Media Contact: Phyllis Jones, [email protected]
(202) 673-1937 (desk) (202) 631-3077 mobile
Washington, DC –The Department of Behavioral Health announces the most recent results of its program to curb illegal tobacco sales to minors. Random, unannounced inspections of 214 retail outlets this past summer identified 17 merchants who sold tobacco products to minors. These merchants received a $100.00 to $150.00 fine.
The inspections show that 92.9 per cent of merchants are obeying the law that prohibits the sale of tobacco products to individuals younger than 18 years of age. The number of merchants cited represents 7.1 percent of inspected outlets—an increase from 4.3 percent cited in 2015 but far below the District’s highest rate of 41.9 percent in 2004.
“Keeping tobacco out of minors’ hands saves lives. We know that tobacco causes premature deaths,” said Tanya A. Royster MD, Director of the Department of Behavioral Health. “Our inspections send a clear message that we are watching and the law will be enforced.”
The annual inspections conducted with the Metropolitan Police Department are part of the District’s compliance with the federal Synar Program which requires states and federal jurisdictions to enact laws and enforcement programs prohibiting the sale or distribution of tobacco products to minors. In addition to its enforcement efforts, the Department of Behavioral Health sponsors a tobacco merchant education program for more than 900 retailers licensed to sell tobacco products.
The Department’s FY 2017 Synar Report outlines the District’s progress and future plans to reduce youth tobacco access. Public comments on the Report should be sent no later than November 30, 2016, to Thomas Randolph, Synar Coordinator, at [email protected].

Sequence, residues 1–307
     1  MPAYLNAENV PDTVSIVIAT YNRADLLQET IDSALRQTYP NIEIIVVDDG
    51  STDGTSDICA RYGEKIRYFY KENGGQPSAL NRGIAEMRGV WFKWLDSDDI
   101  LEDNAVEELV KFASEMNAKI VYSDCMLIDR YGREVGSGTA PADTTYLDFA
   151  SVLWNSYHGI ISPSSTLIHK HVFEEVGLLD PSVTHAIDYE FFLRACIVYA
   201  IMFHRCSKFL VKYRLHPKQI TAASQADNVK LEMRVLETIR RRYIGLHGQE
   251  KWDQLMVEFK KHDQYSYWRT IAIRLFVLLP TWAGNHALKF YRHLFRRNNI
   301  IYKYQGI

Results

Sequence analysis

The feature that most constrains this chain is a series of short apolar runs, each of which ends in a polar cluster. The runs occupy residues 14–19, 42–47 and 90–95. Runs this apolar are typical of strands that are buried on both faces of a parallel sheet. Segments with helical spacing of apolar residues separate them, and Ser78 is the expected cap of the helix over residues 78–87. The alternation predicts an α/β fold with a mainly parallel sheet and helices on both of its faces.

The Surgeon General’s 2014 Report highlights significant progress in tobacco control and prevention but concludes that smoking remains the single largest cause of preventable disease and death in the United States. The Health Consequences of Smoking: 50 Years of Progress Report projects that 5.6 million Americans younger than 18 years of age will die prematurely from smoking-related illness if smoking persists at the current rate among young adults. In the District of Columbia, that represents about 7,000 children alive today whose lives will be shortened because of smoking. Further, the average age of initiation of tobacco use among District middle school students is 10.5 years old and about 12.5 per cent of all District high school students smoke.
Studies show about 70 per cent of all smokers want to quit. The District of Columbia Department of Health offers support that can increase the chances of quitting and staying quit. Certified cessation counselors are available 24 hours a day to talk about a plan to quit or how to help a family member or friend quit. Call 1-800-Quit Now (1-800-784-8669). Nicotine replacement patches or lozenges are available to callers 18 years or older. The Department of Health also sponsors community prevention and cessation efforts targeted toward youth.
For behavioral health services, a District resident can call the Access Helpline at 1-888-7WE-HELP ( 1-888-793-4357) any time seven days a week to talk to a clinician and be referred to a certified provider for treatment and support.